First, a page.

It is not simply that the transitional process, of which the National Dialogue is a centerpiece, underestimated the importance of the revolutionary movement or overestimated the ability or willingness of existing elites to negotiate a way forward for Yemen. The transitional planners -- largely unpracticed in responding to popular mobilization -- assumed the same approach to identity that Saleh adopted for so long. They assumed that self-interested actors would stand only for themselves, could only represent a particular set of interests or fixed identity groups, and that they would understand themselves in singular terms. This kind of cardboard political reality can be made by political elites and institutions, but is not inevitably given or destined to remain fixed for eternity. Quite the contrary. As political leaders appeal to, describe, and categorize groups, they help to make them socially, politically, and economically significant. Yemeni identities are being treated as fixed at precisely the moment when they are most radically in flux.
The National Dialogue process has not been entirely oblivious to these new realities. Yemeni elites and their backers at the Gulf Cooperation Council (GCC) and the United Nations did some important work when they created the slate of participants in the National Dialogue. But asking complex individuals with dense networks of relationships to narrow their affiliations runs counter to important other work, done by activists in the revolutionary movement, who have helped to multiply those ties and have encouraged Yemenis to stand with and for people who were different from them. In short, the revolutionary movement was built on and sustained by a form of solidarity that is being profoundly challenged by the National Dialogue.
Over the past year, I have had the chance to talk with dozens of revolutionary activists across the political spectrum, in the context of workshops and training sessions related to the transitional process. These meetings included members of the Southern Movement, the Houthi movement, secular liberals, doctrinal Marxists, and Islamists of a wide range, from different parts of Yemen and from the diaspora. Nearly all of these activists have spoken about the transformative power of collective action. They describe the ways in which working with dissimilar "others" transformed the way in which they viewed themselves, others, and their society. Much of this began in protest squares, in forms of cooperation that that they never anticipated, in providing order, public goods, and basic functions of the state with delimited spaces of popular sovereignty.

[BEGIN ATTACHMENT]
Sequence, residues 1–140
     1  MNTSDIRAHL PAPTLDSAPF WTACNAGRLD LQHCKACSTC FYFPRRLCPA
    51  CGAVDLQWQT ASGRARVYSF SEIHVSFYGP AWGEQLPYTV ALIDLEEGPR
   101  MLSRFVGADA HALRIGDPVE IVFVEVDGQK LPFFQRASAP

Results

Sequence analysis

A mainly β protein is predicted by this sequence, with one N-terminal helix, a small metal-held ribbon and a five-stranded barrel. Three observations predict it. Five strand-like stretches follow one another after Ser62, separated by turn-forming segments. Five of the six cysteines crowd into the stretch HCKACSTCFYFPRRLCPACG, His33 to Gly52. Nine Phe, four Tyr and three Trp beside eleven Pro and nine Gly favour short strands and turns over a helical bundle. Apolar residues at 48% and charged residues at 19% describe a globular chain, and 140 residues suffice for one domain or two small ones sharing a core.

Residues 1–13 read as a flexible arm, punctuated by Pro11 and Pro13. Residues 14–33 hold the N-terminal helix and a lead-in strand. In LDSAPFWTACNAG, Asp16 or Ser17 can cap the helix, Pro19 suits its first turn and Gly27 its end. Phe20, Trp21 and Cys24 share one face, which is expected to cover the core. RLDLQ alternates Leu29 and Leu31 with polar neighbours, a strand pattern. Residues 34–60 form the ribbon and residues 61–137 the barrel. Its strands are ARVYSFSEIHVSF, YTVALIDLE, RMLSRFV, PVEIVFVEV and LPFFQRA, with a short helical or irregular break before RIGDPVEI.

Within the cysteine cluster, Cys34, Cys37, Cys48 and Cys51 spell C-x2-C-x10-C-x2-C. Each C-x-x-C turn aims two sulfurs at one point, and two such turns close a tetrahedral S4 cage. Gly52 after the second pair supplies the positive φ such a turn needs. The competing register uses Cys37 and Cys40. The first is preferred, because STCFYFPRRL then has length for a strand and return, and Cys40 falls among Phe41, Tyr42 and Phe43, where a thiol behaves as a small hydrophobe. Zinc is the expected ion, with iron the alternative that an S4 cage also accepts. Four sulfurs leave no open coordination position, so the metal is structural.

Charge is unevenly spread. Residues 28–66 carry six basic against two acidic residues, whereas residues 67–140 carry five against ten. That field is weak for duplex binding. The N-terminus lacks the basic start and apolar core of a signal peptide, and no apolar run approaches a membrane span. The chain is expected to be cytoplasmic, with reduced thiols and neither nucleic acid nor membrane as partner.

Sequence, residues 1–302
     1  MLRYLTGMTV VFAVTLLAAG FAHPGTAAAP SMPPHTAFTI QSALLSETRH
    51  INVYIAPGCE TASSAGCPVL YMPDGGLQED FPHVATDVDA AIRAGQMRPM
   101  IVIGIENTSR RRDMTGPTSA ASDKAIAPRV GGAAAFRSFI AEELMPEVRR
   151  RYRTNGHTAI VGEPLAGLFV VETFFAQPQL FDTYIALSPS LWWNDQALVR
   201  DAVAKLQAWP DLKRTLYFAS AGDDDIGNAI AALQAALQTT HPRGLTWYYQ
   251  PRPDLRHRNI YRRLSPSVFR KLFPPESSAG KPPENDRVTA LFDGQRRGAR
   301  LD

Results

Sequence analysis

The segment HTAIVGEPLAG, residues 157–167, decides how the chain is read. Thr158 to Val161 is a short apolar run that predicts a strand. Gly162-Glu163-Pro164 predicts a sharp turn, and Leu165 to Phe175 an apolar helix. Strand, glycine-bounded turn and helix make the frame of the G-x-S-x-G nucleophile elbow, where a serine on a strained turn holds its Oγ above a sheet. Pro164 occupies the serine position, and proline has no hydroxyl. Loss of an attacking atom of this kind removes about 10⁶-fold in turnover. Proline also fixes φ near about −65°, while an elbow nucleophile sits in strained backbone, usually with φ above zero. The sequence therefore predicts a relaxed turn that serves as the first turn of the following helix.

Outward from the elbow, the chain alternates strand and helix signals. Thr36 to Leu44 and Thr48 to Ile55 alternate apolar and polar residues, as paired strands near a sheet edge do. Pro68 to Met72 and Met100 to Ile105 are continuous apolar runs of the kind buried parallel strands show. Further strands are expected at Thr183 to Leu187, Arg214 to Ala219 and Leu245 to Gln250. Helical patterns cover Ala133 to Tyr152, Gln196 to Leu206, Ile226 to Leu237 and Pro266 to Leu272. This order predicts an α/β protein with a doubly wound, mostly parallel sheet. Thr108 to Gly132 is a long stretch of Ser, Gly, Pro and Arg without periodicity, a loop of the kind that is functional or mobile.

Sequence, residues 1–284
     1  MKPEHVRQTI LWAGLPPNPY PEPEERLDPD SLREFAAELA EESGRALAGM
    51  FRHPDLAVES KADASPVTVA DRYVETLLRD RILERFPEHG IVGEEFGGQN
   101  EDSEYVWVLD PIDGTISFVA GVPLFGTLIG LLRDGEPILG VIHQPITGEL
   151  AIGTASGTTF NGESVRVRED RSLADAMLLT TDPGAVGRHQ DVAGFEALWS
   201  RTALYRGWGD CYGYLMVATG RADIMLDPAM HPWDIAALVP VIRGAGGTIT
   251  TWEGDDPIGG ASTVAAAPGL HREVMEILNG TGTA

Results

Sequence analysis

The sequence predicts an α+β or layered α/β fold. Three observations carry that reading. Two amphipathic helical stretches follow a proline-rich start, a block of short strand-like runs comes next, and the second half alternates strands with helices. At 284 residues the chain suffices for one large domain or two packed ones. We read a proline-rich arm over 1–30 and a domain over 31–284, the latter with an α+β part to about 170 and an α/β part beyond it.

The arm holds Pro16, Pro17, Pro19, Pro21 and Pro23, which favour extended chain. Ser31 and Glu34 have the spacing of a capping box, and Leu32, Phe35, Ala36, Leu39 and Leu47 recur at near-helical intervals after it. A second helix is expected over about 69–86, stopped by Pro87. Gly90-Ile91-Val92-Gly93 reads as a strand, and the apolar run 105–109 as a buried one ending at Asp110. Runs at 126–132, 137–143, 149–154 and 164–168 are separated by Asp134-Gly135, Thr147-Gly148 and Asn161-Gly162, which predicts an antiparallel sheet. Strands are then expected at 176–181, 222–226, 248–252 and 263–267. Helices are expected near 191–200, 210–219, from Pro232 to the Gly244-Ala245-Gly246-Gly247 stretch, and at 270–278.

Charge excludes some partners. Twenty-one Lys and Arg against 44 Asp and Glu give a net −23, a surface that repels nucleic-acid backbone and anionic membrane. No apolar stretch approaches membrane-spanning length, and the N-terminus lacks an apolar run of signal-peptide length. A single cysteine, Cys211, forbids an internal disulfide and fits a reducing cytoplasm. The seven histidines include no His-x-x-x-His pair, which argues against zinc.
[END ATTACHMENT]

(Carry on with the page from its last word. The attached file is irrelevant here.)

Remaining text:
Most important in activists' accounts of their own transformations were everyday practices sustained under conditions that were decidedly abnormal. Many recount being surprised when their own presuppositions were challenged. As one recalled of her time in Sanaa's Change Square, "One of my fondest memories was a day I had tea at a tea house in the square with four men: an Islahi, an atheist, a secular Socialist, a religious Zaidi, and myself. We laughed a lot, disagreed on politics ... there are many unexpected friendships [that started in the square]." This contributed to changing perceptions of ideological others. A female activist noted that her participation "changed my perception of some Islamists, whom I assumed would not accept me as a woman ... but that was not the case. Of course, the fact that I, as a woman, stayed late in the square surprised people, but ... I felt that our interactions broke many stereotypes of the other." Another major node of reassessment was reflected in a shift from thinking of "the tribes" as corporate units to "tribesmen," as co-participants in the revolution. As one urban activist described, "The assumption I had about tribes being by default an obstacle in front of civic engagement and transition into modernity was proven wrong [in the square]."